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OilMonster
Natural Gas February 11, 2020 12:30:28 AM

Liquefied Natural Gas Prices Collapse to Lowest Since 2010

Anil
Mathews
OilMonster Author
On the supply side, the commissioning of several new projects in Australia, which has overtaken Qatar as the top LNG exporter, as well as in the US, has led to an abundance of cargoes.
Liquefied Natural Gas Prices Collapse to Lowest Since 2010

SEATTLE (Oil Monster): The collapse in the spot price of liquefied natural gas (LNG) in Asia is a short-term phenomenon that may well end up having a longer-term effect, especially on thermal coal.

The spot price dropped to $2.95 per million British thermal units  for the week ended February 7, the lowest price in records stretching back to 2010.

It has lost 57% of its value since the pre-winter peak of $6.80 per million British thermal units in mid-October, and is down 74% from the peak price in 2018 and 86% from the record high from February 2014.

The reasons for the slumping price are well understood, with both demand and supply factors playing a role.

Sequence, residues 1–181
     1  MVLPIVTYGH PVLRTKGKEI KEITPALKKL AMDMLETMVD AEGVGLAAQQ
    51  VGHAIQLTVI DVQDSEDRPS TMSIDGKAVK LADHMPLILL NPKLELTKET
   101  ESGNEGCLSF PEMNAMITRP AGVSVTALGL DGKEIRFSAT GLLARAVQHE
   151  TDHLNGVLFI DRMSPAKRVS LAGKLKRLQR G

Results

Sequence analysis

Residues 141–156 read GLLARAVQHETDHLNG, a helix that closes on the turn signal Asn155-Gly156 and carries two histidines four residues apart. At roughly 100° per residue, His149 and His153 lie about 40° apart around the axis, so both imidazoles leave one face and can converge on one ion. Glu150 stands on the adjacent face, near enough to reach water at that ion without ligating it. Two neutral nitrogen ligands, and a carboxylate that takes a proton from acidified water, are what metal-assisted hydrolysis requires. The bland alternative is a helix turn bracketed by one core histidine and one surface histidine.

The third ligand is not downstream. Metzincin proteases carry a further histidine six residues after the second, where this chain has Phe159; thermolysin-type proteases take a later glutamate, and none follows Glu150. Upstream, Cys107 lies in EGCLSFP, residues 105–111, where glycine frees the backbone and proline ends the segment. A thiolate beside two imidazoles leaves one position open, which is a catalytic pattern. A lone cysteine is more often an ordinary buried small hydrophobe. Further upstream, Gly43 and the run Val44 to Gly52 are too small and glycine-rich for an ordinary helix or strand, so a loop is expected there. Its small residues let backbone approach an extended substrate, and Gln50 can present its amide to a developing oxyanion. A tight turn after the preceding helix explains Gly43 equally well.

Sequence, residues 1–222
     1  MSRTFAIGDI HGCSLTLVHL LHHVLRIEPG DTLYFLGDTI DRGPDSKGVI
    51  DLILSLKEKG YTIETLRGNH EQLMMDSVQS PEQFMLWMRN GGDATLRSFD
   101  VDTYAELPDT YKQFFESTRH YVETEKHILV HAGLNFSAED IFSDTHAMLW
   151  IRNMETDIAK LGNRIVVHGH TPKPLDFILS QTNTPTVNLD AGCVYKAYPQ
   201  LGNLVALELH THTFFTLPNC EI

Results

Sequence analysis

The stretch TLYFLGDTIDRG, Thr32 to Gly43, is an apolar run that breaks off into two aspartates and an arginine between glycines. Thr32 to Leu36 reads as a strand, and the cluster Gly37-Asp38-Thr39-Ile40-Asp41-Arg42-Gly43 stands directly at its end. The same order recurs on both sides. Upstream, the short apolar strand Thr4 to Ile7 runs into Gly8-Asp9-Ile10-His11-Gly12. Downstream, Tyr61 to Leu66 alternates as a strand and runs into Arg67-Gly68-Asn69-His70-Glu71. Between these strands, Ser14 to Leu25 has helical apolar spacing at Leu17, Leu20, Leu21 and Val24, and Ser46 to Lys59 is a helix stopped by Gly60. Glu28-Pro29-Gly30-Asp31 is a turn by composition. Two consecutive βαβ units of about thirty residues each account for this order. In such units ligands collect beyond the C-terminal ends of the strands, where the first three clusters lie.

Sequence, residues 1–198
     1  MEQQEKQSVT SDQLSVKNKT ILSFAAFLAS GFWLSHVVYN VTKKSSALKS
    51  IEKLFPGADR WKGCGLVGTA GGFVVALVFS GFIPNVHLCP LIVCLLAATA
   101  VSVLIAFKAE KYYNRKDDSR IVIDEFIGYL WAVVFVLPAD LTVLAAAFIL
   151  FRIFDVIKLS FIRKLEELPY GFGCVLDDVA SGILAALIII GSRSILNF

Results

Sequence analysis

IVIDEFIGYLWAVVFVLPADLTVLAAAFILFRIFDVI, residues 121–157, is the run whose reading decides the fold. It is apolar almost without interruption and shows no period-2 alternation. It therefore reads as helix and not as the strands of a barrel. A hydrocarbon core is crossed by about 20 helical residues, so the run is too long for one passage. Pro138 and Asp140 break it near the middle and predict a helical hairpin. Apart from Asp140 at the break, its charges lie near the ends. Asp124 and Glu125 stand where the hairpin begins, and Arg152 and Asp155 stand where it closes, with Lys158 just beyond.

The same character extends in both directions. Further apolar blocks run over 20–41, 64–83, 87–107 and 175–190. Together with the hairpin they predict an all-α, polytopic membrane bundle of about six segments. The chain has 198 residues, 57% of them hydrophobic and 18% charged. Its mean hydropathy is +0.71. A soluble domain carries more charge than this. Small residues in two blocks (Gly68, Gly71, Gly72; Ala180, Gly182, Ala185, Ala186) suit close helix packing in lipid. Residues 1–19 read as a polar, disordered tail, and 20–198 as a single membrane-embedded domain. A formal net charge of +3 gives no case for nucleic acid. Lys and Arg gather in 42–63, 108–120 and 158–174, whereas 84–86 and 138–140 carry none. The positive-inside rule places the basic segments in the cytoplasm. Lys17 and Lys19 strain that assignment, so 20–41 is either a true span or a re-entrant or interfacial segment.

On the demand side, growth in China has slowed from its breakneck pace as the world's second-biggest buyer of LNG works to build the infrastructure needed for more coal-to-gas switching in both residential heating and industry.

LNG demand in Japan, the world's top buyer of the super-chilled fuel, has also been sluggish amid a warmer than usual winter and the restart of some of its nuclear fleet, idled after the 2011 Fukushima disaster.

On the supply side, the commissioning of several new projects in Australia, which has overtaken Qatar as the top LNG exporter, as well as in the US, has led to an abundance of cargoes.

While it's unlikely that spot LNG prices will stay at the current depressed levels indefinitely, the trend towards structurally lower prices appears sustainable.

There is still no shortage of LNG projects being built, with 17-million tonnes of capacity due to be commissioned in 2020 alone, and considerably more likely in the next five years, as projects from Russia to East Africa start to come on line.

This supply surge is likely to have two effects on prices.

First, it will ensure that spot prices remain under downward pressure, and second, it will likely accelerate the shift away from long-term, oil-linked contracts to shorter-term, more flexibly priced deals.

This change in the way LNG is priced should give pause for considerable thought to any would-be developers of thermal coal power projects based on imported fuel in Asia, especially Japan.

Courtesy:www.businesslive.co.za

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